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Trump Signs Bill Ending Three-Day Government Shutdown

WASHINGTON (CBSNewYork/AP) -- President Donald Trump signed a bill reopening the government late Monday, ending a 69-hour display of partisan dysfunction after Democrats reluctantly voted to temporarily pay for resumed operations. They relented in return for Republican assurances that the Senate will soon take up the plight of young immigrant "dreamers" and other contentious issues.

The vote set the stage for hundreds of thousands of federal workers to return on Tuesday, cutting short what could have become a messy and costly impasse. The House approved the measure shortly thereafter, and President Donald Trump later signed it behind closed doors at the White House.

But by relenting, the Democrats prompted a backlash from immigration activists and liberal base supporters who wanted them to fight longer and harder for legislation to protect from deportation the 700,000 or so younger immigrants who were brought to the country as children and now are here illegally.

Lawmakers sped toward reopening the government through the day, as Democrats in the Senate dropped their objections to a temporary funding bill in return for assurances from Republicans leaders that they will soon take up immigration and other contentious issues.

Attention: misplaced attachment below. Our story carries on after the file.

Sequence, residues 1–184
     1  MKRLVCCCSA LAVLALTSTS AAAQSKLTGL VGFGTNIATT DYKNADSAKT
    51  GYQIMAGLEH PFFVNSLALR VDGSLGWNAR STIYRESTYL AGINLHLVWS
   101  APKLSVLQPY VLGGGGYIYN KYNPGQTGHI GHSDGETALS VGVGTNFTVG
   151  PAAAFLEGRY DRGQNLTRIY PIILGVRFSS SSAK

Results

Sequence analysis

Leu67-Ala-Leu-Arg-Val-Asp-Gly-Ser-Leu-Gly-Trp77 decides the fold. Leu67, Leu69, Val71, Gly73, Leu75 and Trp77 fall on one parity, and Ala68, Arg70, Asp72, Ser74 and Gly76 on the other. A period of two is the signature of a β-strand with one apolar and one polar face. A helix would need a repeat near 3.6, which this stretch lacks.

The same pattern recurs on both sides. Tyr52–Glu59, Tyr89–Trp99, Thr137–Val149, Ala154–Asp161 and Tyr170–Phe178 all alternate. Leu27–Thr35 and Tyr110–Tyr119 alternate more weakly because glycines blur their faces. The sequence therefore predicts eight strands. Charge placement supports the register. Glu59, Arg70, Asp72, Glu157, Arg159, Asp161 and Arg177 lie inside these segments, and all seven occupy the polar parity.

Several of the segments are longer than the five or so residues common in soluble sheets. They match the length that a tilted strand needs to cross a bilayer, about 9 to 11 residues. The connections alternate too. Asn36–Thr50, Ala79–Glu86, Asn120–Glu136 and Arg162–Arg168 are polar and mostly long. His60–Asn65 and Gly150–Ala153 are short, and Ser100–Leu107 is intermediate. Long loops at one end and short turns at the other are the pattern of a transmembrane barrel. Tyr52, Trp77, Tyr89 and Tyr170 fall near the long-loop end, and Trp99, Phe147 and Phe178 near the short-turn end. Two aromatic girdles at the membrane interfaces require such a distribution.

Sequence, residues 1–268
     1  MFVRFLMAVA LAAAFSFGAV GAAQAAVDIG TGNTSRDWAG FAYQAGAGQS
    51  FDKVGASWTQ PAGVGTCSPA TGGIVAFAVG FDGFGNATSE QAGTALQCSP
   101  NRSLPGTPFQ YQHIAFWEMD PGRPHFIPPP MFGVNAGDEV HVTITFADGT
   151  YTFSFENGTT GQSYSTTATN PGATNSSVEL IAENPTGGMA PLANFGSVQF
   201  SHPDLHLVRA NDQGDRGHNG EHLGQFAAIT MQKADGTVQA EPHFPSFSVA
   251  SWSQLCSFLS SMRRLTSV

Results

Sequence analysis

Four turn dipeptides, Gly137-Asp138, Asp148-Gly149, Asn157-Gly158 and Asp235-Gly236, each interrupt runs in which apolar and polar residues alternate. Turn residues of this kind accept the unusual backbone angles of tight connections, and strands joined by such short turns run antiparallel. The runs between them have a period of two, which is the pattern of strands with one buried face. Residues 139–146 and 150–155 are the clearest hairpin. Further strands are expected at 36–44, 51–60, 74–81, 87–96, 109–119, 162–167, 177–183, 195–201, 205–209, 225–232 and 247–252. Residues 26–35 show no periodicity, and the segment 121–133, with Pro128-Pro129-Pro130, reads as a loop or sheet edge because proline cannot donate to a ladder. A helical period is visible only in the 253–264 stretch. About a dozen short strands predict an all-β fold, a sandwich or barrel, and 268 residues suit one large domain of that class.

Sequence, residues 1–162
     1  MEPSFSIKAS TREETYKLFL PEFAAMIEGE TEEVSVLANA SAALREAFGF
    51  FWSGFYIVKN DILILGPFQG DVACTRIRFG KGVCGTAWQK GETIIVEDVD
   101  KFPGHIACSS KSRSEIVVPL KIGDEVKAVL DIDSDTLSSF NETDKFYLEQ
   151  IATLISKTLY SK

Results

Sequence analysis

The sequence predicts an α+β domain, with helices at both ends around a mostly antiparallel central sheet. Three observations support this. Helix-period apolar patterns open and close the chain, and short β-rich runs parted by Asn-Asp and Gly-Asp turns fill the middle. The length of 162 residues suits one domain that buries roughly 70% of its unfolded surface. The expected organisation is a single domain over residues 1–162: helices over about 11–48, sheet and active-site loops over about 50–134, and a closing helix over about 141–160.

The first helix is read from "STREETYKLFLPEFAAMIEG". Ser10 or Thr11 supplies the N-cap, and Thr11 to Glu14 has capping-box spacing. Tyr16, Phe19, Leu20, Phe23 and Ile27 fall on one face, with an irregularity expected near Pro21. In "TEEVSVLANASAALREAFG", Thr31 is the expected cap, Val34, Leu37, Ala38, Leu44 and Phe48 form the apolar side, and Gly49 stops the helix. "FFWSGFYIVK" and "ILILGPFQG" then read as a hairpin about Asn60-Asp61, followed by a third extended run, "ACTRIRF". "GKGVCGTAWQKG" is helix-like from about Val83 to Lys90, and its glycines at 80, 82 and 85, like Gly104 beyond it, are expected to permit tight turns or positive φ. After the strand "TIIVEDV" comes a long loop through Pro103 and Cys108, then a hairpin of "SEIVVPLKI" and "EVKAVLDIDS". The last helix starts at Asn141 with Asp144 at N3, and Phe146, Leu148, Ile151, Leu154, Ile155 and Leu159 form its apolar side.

The Senate vote was 81-18 Monday to end the debate and advance the bill, CBS News reported.

Ahead of the vote, Senate Democratic Leader Chuck Schumer said Democrats would vote in favor of the bill after a deal had been reached with Republican leaders.

"In a few hours, the government will reopen. We have a lot to do," Schumer said. "The issue of the Dreamers demands resolution. A budget must be written. Health care has to be addressed. Relief provided to disaster-stricken parts of our country, pensions and opioids, veterans, child care -- all have to be taken care of."

Majority Leader Mitch McConnell said that if they could not find bipartisan solutions on immigration and other issues by the Feb. 8 deadline, then he would hold a vote on those matters.

"Every day we spend arguing about keeping the lights on is another day we cannot spend negotiating DACA or defense spending or any of our other shared priorities," he said. "Let's join together, put the filibuster behind us, and get back to work for the American people."

The government shutdown entered a third day Monday after senators failed to come to an agreement to end it Sunday night.

In the meantime, hundreds of thousands of government employees weren't working Monday and won't be paid. The government employees on furlough will likely see that payment after the funding bill is passed.

The bill will head to the Office of Management and Budget, a legal review, and then ultimately to the president's desk for a signature.

The White House says the timing looks as if the government will be able to reopen Tuesday.

(© Copyright 2018 CBS Broadcasting Inc. All Rights Reserved. The Associated Press contributed to this report.)

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